MIT Scientists Design Artificial Synapse to Power Brain-Like Computer Chips

For once, analog is more powerful than digital.

Flickr / .:Amy:.

A new era of computing just got closer, as researchers have created the design and run the first ever practical test for an artificial synapse that could let computers replicate some of the brain’s most powerful and intricate functions.

While computers might seem more powerful than our brains, we can actually deal with a much wider range of possible signals than the “on” and “off” of binary, thanks to the synapses that handle the connections between neurons.

Replicating that capability in a computer requires artificial synapses that can reliably send all those subtly different signals. As they describe in Monday’s issue of the journal Nature Materials, researchers at the Massachusetts Institute of Technology have performed what they call the first ever practical test of such an artificial synapse, unleashing what’s known as neuromorphic computing.

While the tests only happened in computer simulations, the tests were promising. The researchers used the artificial synapse designs to recognize different handwriting samples. The simulation they ran managed to almost match what existing traditional algorithms can do in terms of accuracy — 95 versus 97 percent — which is an impressive starting point for tech in is absolute infancy.

Traditional digital computers rely on binary signaling. A value of one means “on,” while a value of zero means “off.” Because computers can perform specific calculations much faster and more efficiently than we can, it’s easy to assume that this binary approach is better than what goes on in our brains.

But the analog setup of the 100 billion neurons inside each of our brains is arguably much more sophisticated. The 100 trillion synapses that manage the connections between those neurons don’t simply send on or off signals.

The different types and numbers of ions that flow across a given synapse determines how strong a signal it sends to a particular neuron, and that spectrum of possible messages means our brain can unlock a far greater variety of computations. If computers could add that kind of complexity to their already sizable toolkits, you would be looking at some seriously powerful machines — and they wouldn’t need to be giant either.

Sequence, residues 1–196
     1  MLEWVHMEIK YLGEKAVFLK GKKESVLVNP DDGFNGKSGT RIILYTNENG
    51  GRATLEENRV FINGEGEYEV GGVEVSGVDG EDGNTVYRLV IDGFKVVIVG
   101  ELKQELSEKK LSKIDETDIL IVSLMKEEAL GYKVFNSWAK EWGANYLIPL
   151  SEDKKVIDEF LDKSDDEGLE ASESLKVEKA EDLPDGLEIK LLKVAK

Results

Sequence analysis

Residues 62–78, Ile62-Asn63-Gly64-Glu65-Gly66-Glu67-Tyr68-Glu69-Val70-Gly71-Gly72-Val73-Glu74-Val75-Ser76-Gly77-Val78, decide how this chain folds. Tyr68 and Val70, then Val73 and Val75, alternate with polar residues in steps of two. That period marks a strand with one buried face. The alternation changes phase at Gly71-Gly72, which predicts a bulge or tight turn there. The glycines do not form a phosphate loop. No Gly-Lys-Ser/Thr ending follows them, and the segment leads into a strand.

Here’s the problem: Nature has had a couple billion years to perfect the synapses in our brains and those of other species. Researchers have only been trying to create the synthetic equivalent for a few years, and there are some major stumbling blocks. The biggest is that any artificial synapse must reliably send precisely the same kind of signal for each input it receives, otherwise the intricacy just degrades into chaos.

“Once you apply some voltage to represent some data with your artificial neuron, you have to erase and be able to write it again in the exact same way,” Kim said. “But in an amorphous solid, when you write again, the ions go in different directions because there are lots of defects. This stream is changing, and it’s hard to control. That’s the biggest problem — nonuniformity of the artificial synapse.”

The MIT researchers are optimistic their design has made significant headway on this problem by using a different material, a single-crystalline silicon that conducts perfectly without defects. In a simulation, the researchers designed artificial synapses atop this foundation using the common transistor material silicon germanium, they were able to create currents that varied only about four percent between different synapses. That’s not perfect, but it’s a huge improvement on what has been achieved previously.

For now, this work remains theoretical, and there’s a difference between demonstrating promising results in a simulation versus realizing that in an actual real-world test. But Kim and his team are optimistic.

“This opens a stepping stone to produce real artificial hardware,” he said.